Should we keep our problem dogs and cats even if they make us miserable?
IT STARTED WITH smacks at his sister each time he thought she was getting more attention. Then he’d dart out every open door to scale the 50-foot oak tree in the backyard; too scared to climb down, he’d sit and cry until benevolent neighbors with tall ladders came by to pull him out. But the last straw was when he began emptying the entire contents of his bladder on Rachel Slade’s bed — with her in it. Banished from the bedroom, he’d spend all night body-slamming the door.
Johnnie, you may be relieved to know, is a cat. He arrived in my editor’s home, along with his twin sister, as a tiny kitten from a shelter in Sudbury. Over that first year, and even after his neutering, Slade says that Johnnie was a “delight.” But then he came into his own. And was not nearly so delightful.
Not long after Johnnie turned into the “spawn of satan,” Slade came home from a weekend away to find her daughter’s mattress soaked with urine to the point that it was unsalvageable. That was it. She called the behaviorist at her local animal shelter. Much discussion ensued about food and litter boxes and cleanliness. And then the behaviorist asked whether Slade considered putting a plastic shower curtain over her bed. “At that point,” Slade says, “I was like, ‘Sorry, I’m putting the cat in a carrier and bringing him to you.’”
Few issues are more fraught than Americans’ relationships with their pets. We say they’re part of the family. We sleep with them every night and post their adorable faces on Instagram, sometimes more than our own human children. But unlike people, pets don’t understand the consequences if they fail to uphold their end of the relationship. That’s what makes it so difficult when they disappoint (or attack or destroy property or scare our neighbors). Yet we do evict them, very quietly. According to the ASPCA, nearly 6.5 million companion animals enter the US shelter system each year, most often for behavior-related problems. Of those, 1.5 million will be euthanized.
To break up with Johnnie, Slade filled out a four-page form of yes or no questions about his behavior. Did he do this? Did he do that? Yes, yes, yes. When she handed the form back to the shelter official, she braced herself for the “third degree.” It didn’t come. “The person at the counter looks at all my yeses and said, ‘And you kept him for that long?’”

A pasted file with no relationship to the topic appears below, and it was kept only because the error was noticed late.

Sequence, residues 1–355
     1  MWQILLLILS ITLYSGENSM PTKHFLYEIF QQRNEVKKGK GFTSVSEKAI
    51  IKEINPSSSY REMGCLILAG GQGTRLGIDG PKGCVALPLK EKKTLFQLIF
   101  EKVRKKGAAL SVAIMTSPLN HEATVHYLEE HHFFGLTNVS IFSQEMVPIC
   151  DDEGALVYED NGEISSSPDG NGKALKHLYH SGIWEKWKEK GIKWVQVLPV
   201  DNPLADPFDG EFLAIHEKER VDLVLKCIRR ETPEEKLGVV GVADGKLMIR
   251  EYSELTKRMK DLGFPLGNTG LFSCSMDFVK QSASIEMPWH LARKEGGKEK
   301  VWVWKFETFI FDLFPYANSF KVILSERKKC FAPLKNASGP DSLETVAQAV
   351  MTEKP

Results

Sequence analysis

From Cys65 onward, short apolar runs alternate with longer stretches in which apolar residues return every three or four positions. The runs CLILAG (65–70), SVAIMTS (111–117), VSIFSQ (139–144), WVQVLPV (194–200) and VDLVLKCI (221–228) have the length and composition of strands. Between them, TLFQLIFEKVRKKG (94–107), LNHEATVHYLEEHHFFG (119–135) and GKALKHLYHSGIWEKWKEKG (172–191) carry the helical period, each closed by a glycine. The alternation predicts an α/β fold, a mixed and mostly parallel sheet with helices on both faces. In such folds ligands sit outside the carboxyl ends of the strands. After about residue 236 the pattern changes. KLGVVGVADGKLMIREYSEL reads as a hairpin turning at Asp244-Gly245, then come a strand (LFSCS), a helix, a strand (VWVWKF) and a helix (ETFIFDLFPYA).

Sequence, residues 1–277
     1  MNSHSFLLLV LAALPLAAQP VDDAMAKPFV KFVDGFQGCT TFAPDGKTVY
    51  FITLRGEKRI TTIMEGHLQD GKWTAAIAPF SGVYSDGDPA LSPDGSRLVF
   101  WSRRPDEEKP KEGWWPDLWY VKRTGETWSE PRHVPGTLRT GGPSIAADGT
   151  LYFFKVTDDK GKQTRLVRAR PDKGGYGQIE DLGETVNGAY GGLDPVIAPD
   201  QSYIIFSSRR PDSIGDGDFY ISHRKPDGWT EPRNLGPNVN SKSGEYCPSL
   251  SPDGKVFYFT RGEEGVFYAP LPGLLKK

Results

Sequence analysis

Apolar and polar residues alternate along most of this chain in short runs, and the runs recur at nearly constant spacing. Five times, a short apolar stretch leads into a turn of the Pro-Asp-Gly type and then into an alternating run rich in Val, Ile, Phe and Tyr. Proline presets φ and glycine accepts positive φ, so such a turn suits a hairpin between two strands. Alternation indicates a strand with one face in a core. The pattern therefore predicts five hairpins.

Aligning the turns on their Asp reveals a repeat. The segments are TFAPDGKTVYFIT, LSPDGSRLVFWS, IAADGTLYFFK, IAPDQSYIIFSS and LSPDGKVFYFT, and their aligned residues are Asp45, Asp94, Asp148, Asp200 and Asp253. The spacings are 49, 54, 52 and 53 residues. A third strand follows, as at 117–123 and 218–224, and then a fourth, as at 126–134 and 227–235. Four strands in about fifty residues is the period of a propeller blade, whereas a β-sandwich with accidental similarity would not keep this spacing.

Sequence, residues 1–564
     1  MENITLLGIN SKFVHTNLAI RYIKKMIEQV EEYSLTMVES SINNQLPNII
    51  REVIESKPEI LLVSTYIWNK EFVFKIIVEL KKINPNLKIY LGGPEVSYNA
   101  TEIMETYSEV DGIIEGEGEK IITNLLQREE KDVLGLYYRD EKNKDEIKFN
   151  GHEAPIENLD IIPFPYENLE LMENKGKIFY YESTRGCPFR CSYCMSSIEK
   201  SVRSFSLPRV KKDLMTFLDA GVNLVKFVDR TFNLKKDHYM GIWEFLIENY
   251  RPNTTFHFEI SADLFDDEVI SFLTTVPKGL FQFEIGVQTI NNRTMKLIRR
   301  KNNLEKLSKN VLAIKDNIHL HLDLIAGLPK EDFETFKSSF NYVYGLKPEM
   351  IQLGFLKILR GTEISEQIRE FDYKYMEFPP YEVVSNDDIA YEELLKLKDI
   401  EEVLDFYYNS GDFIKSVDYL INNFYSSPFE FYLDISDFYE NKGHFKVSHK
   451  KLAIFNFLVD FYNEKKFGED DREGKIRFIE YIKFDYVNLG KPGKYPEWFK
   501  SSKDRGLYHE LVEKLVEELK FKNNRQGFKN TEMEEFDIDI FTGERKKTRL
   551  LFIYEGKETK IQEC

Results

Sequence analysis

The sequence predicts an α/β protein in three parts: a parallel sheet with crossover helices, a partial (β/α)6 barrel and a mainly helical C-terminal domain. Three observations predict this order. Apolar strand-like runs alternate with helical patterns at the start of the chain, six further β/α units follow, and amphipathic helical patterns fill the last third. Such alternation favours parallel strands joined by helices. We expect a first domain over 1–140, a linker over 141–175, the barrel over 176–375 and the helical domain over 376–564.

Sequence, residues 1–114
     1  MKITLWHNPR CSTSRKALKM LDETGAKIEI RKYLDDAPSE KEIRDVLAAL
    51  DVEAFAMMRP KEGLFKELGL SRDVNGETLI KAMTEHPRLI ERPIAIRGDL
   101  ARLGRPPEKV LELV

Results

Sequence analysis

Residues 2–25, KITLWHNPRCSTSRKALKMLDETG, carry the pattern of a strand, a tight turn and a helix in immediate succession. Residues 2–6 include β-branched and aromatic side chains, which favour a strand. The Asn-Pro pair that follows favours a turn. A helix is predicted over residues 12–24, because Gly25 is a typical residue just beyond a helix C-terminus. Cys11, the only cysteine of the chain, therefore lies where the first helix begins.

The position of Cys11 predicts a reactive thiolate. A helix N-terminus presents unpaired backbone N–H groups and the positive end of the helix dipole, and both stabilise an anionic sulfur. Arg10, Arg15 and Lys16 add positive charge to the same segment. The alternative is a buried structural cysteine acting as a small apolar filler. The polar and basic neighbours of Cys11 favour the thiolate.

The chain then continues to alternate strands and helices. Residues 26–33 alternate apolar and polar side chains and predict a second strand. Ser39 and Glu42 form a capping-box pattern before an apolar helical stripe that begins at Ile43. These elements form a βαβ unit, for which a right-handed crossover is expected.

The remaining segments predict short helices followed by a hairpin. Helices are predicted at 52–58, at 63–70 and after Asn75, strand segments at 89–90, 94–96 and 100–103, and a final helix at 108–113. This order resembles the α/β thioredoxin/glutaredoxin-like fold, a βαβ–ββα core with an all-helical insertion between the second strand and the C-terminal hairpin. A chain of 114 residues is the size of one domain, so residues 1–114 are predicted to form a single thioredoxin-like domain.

One might ask, if pets are our family members, surrogate children, best friends, then how could we ever consider “re-homing” them? But after hearing the story of Johnnie, the very bad cat, I wanted an answer to a different question: Are we obligated to keep our pets even when they make us miserable?
THAT WASN’T EVEN up for debate 50 years ago. Back then, as much as we liked having Lassie around to keep our kids from getting stuck in abandoned mines, we hardly hesitated to dispose of her when she became inconvenient. Stranger, my husband’s family’s dog, used to rush to the front door to vomit on the doormat every time someone knocked. Stranger was also nervous around kids. With two small children in the house and a third — my husband — on the way, his parents decided to give Stranger up to a shelter. No one questioned their decision.
Bernard Rollins, the animal rights philosopher, wrote that he knew people in the 1960s who euthanized their family dog before going on holiday, reasoning that it was cheaper to just a get a new dog when they got back than board their pet. It’s also worth noting that through the 1970s, an estimated 90 percent of animals that entered the shelters were euthanized.
Attitudes shifted dramatically in the 1980s when pets began showing up in advertising; TV shows and movies featured anthropomorphised animals (remember Benji?); and animal rights, along with messages about responsible pet ownership, became part of the national conversation. Now our social media feeds are full of heckin’ good doggos and puppers, cute kittehs and cattos. We spent an estimated $72.13 billion on pets in 2018 alone, according to the American Pet Products Association, a figure that grows at least 4 percent each year.
Modern pet-person relationships can, and usually do, go very deep, says Dr. Hal Herzog, a psychologist at Western Carolina University and one of the founders of the field of anthrozoology, the study of human-animal relationships. According to a 2008 Pew Research survey, 85 percent of dog owners and 78 percent of cat owners say their pet is part of the family. They are our proxies, our surrogate children, our projects.
But sometimes our “pet projects” stress everything else to the point of jeopardizing domestic harmony.